Figure 4
figure 4

Flowchart of the algorithm used to control MPCs

Table 1 Summary of polarization compensation methods for quantum networks
  • Realization with simultaneous polarization compensation in both polarization bases – “blinking scheme”

A realization of a canonical method using manual polarization controllers requires iterative steps of changing the predefined state of a reference signal before compensation. This process can be time-consuming since the iterative procedure does not necessarily converge. However, if one could send and receive polarization states from both bases (i.e. H state from HV basis, and D state from DA basis, alternately) for a short time, it could be possible to compensate in both bases “simultaneously”. In both arms of the setup for polarization state preparation, we have shutters that can be open, closed, or blinking with some frequency. The same pair of shutters can be found on the users’ PAM modules (Fig. 2). In our experiment, both pairs of shutters were working in a “blinking” mode with an integration time of 0.3 s per base, enabling us to track the polarization visibility of both bases simultaneously. We notice that there is a compromise between how fast shutters open and close, and the experimental practicality. Faster blinking of shutters would give a better average but it leads to the mixing of different basis due to imperfect shutters synchronization. Experimentally, we noticed this effect by achieving lower maximum polarization visibility (in both bases) while working in blinking mode with lower integration times than 0.3 s compared to the manual realization where shutters are opening and closing arms one by one. Although this scheme also requires downtime of the network, it is much faster than manual realization. Compensation done on 24 links shows an average polarization visibility value of (97.6 ± 0.2)% in 6 minutes per link. In this way, we have reduced the network’s downtime by more than half with a similar network performance compared with the previously described manual realization.

4 Minimization of QBER

For entanglement-based QKD protocols [2, 25], QBER below 11% is required to ensure a positive secret key rate [26]. As previously demonstrated for two users [2730], it is possible to use a quantum signal in the process of polarization compensation. Here, we propose the first implementation of the scheme with the minimization of QBER for quantum networks. Unlike the previously described methods where adding an nth user in the network would require compensation of variations for \(2(n - 1)\) new links, with this method each new user needs to compensate only fibres that are connecting him/her to the source. In this way, communication links with other users will be polarization compensated leaving the rest of the network intact (Fig. 5). Although this method requires finding the exact delay between users to calculate the QBER correctly, its big advantage is that the process of compensation can be done while the network is active and without any additional hardware. This could play a crucial role in real-life implementations. After finding the delay between a pair of users, QBER is calculated from a temporal cross-correlation histogram [15, 25]. While monitoring its live value, QBER was minimized using manual controllers. However, we note that it is impossible to have continuous monitoring of compensation since the signal can not be used for compensation and key generation simultaneously.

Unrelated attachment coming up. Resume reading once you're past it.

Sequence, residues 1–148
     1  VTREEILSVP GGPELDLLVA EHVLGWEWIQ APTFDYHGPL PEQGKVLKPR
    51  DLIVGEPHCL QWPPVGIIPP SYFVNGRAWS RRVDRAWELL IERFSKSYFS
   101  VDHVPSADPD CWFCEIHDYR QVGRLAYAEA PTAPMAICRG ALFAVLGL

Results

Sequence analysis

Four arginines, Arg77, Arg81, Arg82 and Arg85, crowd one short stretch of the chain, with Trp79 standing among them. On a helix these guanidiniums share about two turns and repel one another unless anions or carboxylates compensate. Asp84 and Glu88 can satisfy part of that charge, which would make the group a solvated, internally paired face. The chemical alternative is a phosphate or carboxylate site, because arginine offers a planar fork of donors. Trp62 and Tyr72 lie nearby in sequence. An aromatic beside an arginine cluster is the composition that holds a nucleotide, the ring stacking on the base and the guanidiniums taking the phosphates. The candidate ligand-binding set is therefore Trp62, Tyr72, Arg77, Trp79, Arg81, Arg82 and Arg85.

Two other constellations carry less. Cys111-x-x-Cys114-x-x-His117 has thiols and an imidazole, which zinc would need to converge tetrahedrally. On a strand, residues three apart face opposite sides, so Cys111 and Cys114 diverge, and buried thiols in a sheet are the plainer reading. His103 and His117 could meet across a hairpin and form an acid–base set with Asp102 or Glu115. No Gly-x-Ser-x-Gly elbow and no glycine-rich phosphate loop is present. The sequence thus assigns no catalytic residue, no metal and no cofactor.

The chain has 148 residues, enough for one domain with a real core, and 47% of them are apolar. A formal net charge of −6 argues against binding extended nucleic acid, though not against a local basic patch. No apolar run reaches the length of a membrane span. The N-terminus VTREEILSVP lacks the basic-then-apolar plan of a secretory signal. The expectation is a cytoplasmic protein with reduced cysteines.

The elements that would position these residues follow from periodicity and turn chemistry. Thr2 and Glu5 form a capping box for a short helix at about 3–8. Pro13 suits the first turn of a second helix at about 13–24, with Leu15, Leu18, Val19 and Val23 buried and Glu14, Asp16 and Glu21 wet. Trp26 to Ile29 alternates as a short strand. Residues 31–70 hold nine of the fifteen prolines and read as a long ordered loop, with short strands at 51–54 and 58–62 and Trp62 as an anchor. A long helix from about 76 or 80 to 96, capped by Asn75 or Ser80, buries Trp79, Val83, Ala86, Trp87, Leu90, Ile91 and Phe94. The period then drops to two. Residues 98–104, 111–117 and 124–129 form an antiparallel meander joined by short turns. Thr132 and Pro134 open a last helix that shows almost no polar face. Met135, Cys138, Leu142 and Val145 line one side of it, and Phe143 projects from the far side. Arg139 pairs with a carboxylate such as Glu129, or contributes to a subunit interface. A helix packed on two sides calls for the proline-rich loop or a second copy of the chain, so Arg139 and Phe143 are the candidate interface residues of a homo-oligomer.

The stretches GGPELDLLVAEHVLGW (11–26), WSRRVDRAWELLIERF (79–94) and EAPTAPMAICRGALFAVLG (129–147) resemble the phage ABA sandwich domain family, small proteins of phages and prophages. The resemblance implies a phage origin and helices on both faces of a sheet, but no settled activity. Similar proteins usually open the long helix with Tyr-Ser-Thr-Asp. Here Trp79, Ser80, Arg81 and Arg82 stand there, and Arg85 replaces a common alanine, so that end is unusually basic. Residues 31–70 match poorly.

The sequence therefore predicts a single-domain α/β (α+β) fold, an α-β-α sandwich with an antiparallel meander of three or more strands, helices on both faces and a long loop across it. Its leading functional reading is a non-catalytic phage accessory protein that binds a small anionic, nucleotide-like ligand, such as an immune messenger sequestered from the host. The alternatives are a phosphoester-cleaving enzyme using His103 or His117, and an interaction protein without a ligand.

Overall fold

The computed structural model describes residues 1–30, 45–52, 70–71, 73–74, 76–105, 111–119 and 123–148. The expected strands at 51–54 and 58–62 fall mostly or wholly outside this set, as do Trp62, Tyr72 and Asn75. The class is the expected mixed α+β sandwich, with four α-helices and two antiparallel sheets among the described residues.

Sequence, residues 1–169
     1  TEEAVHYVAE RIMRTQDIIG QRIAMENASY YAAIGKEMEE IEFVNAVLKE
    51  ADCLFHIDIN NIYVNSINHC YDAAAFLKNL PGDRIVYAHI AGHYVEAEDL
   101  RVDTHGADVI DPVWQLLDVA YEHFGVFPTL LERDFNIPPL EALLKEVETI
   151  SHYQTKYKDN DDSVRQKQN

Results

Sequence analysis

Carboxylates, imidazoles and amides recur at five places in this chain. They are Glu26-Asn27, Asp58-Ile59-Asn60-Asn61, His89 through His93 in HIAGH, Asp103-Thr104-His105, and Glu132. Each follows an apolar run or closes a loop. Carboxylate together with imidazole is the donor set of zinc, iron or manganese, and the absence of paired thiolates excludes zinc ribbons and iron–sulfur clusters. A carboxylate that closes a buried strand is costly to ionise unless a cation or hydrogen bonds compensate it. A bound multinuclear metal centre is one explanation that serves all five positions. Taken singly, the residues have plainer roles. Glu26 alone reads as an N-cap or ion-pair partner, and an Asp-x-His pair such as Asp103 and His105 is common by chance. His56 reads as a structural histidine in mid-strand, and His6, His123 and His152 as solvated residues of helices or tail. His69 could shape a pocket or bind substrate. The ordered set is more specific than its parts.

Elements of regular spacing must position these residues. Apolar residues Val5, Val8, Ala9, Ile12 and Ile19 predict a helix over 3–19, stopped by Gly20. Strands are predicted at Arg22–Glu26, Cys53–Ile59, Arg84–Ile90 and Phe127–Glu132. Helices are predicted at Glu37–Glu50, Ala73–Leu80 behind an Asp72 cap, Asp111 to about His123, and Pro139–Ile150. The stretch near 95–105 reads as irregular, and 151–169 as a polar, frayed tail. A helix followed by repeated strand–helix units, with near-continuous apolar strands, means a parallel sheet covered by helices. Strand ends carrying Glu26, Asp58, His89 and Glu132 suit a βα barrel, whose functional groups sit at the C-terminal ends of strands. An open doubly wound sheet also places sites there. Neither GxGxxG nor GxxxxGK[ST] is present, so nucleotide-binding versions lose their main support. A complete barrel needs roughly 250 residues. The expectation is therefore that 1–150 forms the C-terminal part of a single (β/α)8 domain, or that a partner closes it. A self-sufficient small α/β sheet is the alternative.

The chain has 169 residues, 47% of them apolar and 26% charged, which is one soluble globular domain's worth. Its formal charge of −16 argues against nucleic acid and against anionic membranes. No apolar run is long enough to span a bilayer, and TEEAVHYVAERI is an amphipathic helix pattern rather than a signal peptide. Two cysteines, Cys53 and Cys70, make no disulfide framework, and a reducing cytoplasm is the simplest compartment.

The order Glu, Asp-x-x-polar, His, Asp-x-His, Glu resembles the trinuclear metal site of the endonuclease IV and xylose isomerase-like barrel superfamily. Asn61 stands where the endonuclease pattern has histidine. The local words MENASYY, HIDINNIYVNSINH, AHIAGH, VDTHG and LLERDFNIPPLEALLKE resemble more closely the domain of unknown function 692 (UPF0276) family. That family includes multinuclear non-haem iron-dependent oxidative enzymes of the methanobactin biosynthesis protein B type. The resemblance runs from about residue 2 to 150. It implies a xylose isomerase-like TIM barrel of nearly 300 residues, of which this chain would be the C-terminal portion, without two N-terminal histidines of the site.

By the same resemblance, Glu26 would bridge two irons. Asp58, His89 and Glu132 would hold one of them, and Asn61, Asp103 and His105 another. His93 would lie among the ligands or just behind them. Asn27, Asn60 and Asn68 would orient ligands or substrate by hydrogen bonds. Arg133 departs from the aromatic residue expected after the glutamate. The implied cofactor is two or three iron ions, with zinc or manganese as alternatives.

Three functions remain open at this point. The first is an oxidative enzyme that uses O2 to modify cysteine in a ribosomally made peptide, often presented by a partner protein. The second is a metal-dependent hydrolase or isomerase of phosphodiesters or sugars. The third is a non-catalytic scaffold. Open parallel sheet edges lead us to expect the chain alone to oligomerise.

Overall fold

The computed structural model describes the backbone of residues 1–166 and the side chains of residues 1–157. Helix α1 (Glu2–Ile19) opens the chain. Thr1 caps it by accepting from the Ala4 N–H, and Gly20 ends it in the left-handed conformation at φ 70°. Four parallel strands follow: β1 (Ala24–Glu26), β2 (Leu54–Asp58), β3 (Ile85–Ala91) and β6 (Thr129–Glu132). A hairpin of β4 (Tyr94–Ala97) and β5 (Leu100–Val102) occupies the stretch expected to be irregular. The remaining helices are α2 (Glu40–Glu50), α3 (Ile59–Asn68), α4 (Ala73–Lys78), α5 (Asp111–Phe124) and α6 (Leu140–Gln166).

Figure 5
figure 5

QBER minimization scheme effectively corresponds to having a source that produces entangled photon pairs at wavelengths corresponding to ITU channels shown in the table between each pair of users. The colours in the table represent different photon pairs that are distributed among the users, while channel numbers correspond to wavelengths symmetrically distributed around the central wavelength of 1550.12 nm (corresponding to channel 34)

We have done compensation on a running four-user network with live QBER monitoring on 13 links and results show entanglement fidelity of (93.2 ± 0.8)% for what takes around 2 min on average per link.

5 Discussion